Hey, I have 2 EVGA 570s HD (non reference cooler) in SLI on a gigabyte x58 ud3r. The card are very close together, barely any space. Currently, on bf3 my top card is 75 degrees with the fan going 85% or more. The high fan speed makes me worried the card will start to go plus it's kinda loud. My question, would a mobo with extra space I between cards make a difference? And I mean a worth while difference, since (got a i7 920) and the 1366 mobos are still pricey. If the temp difference is noticeable, any recommendation on boards?
Also, I have a HAF X case, I installed the air duct with a 120mm CM sickle flow fan, is this making it worse since my cards are non reference? They push hot air out the back, could the 120 be pushing it into the card again?
75 degrees is not a bad temp for those cards, but yeah using the 1st and last x16 connections (labeled PCIEX16_1 and PCIEX8_2) will work on an X58 board and result in lower temps for your cards. I have that motherboard. The SLI connector supplied with the board is long enough for the added distance.
Also, I have my 680s in that same configuration (1st and last slot). I put them that way after benchmarking them in the 1st and 2nd slot versus the 1st and last slot. I found no difference in gaming performance, but I found a 5-10C lower temp of each card when separating them.
Before I got my 680s, I had 580s on this motherboard installed in the manual-recommended configuration (PCIEX16_1 and PCIEX16_2). They regularly hit the low 90Cs during gaming (which is still within the GTX 580 temp threshold). With the 680s in the manual-recommended configuration (PCIEX16_1 and PCIEX16_2) my cards hit mid 70Cs. With the 680s in the 1st and last x16 connections (labeled PCIEX16_1 and PCIEX8_2), the temps rarely exceed the low 60Cs.
If you consider most socket 1155 motherboards offer 2 8x PCIe 2.0 or 2.1 slots when running SLI and people using them aren't seeing performance decreases in this configuration. So using a 16x/8x PCIe 2.x SLI setup is not a problem at this stage in tech, so you really don't need a new motherboard.
Let me clarify, I have the x58 ud3r not the x58a ud3r.
And yea, 75 isn't too bad but that was also 45min of gaming (haven't tried longer) but I also worry for the fans lol... Curious to know of anyone has experience spacing out there cards and seeing the temps change?
Oh... you have the EX58-UD3R not the X58A-UD3R. I guess I assumed the wrong additional letter from your initial description (I don't have that same motherboard). Your out of luck with that motherboard.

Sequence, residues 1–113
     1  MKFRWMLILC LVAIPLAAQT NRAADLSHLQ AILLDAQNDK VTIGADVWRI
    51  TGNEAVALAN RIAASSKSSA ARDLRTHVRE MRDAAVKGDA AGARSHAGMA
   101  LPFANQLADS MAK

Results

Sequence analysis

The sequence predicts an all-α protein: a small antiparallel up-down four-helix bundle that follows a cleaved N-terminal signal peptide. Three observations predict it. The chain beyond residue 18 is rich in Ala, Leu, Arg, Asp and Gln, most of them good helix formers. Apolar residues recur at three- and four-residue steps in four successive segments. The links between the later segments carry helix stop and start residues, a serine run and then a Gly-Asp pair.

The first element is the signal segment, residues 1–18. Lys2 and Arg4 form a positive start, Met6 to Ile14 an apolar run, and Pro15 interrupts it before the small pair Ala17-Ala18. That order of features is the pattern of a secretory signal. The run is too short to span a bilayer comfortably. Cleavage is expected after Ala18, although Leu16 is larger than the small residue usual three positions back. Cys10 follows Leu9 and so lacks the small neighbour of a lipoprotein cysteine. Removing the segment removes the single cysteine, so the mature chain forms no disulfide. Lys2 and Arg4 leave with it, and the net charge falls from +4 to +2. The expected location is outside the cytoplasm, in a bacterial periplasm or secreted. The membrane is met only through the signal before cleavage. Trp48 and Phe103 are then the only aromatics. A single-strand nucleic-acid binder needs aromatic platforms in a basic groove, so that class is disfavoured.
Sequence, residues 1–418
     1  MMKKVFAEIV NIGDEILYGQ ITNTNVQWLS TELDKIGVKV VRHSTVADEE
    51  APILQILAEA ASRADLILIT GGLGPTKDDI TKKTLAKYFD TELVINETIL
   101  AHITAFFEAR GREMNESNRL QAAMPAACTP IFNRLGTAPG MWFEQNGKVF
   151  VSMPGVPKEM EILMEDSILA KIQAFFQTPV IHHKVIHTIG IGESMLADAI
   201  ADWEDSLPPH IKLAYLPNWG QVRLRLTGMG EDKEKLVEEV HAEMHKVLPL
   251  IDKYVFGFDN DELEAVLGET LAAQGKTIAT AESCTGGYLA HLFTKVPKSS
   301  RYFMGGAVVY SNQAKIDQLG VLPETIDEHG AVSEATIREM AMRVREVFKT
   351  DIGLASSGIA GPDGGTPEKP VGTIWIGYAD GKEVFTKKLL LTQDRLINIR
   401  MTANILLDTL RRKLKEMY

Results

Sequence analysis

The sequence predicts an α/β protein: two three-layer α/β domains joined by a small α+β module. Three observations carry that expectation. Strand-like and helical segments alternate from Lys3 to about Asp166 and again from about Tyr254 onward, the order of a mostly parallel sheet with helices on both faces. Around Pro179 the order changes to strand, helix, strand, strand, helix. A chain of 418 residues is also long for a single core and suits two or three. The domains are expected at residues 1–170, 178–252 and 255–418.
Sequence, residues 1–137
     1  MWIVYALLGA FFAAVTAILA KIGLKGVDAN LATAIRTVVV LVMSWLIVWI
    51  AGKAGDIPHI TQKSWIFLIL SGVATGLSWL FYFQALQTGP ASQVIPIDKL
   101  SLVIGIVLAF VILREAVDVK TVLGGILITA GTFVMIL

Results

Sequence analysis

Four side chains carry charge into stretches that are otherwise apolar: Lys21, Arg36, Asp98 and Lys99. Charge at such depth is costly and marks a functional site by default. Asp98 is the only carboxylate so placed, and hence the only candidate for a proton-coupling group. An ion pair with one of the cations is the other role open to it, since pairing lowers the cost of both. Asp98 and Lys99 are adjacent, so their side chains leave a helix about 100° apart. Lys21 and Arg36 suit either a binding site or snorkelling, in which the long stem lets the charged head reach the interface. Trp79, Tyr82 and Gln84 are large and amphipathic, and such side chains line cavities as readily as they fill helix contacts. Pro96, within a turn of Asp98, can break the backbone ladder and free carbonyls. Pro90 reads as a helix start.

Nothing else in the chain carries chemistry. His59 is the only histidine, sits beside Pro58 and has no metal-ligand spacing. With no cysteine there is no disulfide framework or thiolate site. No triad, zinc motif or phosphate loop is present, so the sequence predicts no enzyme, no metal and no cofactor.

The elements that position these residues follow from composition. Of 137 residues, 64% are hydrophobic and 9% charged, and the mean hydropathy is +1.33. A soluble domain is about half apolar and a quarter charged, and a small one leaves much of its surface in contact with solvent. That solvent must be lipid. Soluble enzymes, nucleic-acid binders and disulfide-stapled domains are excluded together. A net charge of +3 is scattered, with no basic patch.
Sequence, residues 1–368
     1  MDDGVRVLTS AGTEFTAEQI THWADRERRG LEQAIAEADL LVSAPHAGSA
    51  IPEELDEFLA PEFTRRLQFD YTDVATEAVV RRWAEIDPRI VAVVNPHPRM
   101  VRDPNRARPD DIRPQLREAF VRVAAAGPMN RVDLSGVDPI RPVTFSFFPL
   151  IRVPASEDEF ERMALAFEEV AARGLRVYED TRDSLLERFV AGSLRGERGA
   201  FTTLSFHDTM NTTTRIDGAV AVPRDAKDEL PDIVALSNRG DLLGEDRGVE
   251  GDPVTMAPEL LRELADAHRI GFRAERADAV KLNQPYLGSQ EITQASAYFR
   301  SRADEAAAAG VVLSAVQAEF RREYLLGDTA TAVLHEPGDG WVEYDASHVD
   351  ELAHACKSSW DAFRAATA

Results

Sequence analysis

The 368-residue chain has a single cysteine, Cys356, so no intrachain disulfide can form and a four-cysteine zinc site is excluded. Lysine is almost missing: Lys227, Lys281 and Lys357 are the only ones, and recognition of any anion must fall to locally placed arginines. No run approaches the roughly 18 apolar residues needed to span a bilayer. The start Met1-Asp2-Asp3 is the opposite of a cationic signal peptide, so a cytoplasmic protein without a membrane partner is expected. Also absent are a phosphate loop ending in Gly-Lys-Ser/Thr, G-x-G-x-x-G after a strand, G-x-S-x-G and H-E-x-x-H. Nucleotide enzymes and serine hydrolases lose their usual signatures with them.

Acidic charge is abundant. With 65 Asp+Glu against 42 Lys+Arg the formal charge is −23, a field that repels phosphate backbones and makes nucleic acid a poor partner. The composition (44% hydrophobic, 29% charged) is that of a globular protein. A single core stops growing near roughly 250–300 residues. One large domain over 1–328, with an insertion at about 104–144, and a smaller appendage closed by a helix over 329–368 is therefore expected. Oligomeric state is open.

You could get into one of these EVGA Classified bad boys, refurbished but still a 1-year 3rd-party warranty at $180:
I think even $180 is too much for an x58 board. Unless the noise really bothers you, don't worry too much about the temps. If the fan goes you can either rma the 570 or buy an aftermarket cooler. It's not worth ~$200 just to space out your gpus.
If you have money burning a hole in your pocket then just upgrade to sandy or ivy.
I agree with you guys, another x58 motherboard would be a waste of money... Unless the old one stops working... Even then, probably better to go ivy. To get a new board for potentially better gpu temps isnt even worth $100. Thanks for your input.
Also, I was more curious to see if people actually saw improvements in their SLI/crossfire setups going from cramped to spaced cards.
Just put your fan on Auto setting and let it be. While 75c is nice, it's actually not the way the card was designed. It was designed to run above 80c and the fan will adjust its speed to reach whatever the engineers designed as the target temp.
On my card when gaming the temp level sits solid and flat at 86-88c. The only variable is how fast the fan runs. Sometimes they are in the mid-60% range, other times as high as 72%, but those temps always stay exactly the same at their designed target level.
The point is there is no way anyone should be complaining about noise with a pair of SLI'ed GPUs at 75c in a HAF X case with the fans running at 85%, which is their maximum. Put the fans on Auto, let the temps rise, and lower the noise levels back down to where they should be. As long as the GPU temps run below 90c, all's good.